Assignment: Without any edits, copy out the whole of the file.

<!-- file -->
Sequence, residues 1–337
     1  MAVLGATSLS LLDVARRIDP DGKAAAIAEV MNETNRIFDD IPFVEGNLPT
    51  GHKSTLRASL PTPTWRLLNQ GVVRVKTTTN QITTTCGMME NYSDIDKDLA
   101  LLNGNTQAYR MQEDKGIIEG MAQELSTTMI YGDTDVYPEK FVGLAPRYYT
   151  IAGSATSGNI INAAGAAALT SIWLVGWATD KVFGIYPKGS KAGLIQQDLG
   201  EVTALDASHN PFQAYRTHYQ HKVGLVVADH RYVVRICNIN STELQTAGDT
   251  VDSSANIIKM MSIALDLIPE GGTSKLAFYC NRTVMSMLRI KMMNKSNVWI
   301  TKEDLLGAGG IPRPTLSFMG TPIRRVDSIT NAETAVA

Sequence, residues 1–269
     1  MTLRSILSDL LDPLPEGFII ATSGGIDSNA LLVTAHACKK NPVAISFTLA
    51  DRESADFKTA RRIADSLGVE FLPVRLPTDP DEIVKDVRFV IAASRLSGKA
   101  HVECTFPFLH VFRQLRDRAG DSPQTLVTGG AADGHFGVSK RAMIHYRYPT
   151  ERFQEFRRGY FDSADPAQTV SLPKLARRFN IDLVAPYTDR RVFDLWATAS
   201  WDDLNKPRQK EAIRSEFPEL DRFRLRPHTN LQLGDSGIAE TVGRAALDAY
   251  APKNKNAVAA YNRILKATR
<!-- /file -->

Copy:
Sequence, residues 1–337
     1  MAVLGATSLS LLDVARRIDP DGKAAAIAEV MNETNRIFDD IPFVEGNLPT
    51  GHKSTLRASL PTPTWRLLNQ GVVRVKTTTN QITTTCGMME NYSDIDKDLA
   101  LLNGNTQAYR MQEDKGIIEG MAQELSTTMI YGDTDVYPEK FVGLAPRYYT
   151  IAGSATSGNI INAAGAAALT SIWLVGWATD KVFGIYPKGS KAGLIQQDLG
   201  EVTALDASHN PFQAYRTHYQ HKVGLVVADH RYVVRICNIN STELQTAGDT
   251  VDSSANIIKM MSIALDLIPE GGTSKLAFYC NRTVMSMLRI KMMNKSNVWI
   301  TKEDLLGAGG IPRPTLSFMG TPIRRVDSIT NAETAVA

Sequence, residues 1–269
     1  MTLRSILSDL LDPLPEGFII ATSGGIDSNA LLVTAHACKK NPVAISFTLA
    51  DRESADFKTA RRIADSLGVE FLPVRLPTDP DEIVKDVRFV IAASRLSGKA
   101  HVECTFPFLH VFRQLRDRAG DSPQTLVTGG AADGHFGVSK RAMIHYRYPT
   151  ERFQEFRRGY FDSADPAQTV SLPKLARRFN IDLVAPYTDR RVFDLWATAS
   201  WDDLNKPRQK EAIRSEFPEL DRFRLRPHTN LQLGDSGIAE TVGRAALDAY
   251  APKNKNAVAA YNRILKATR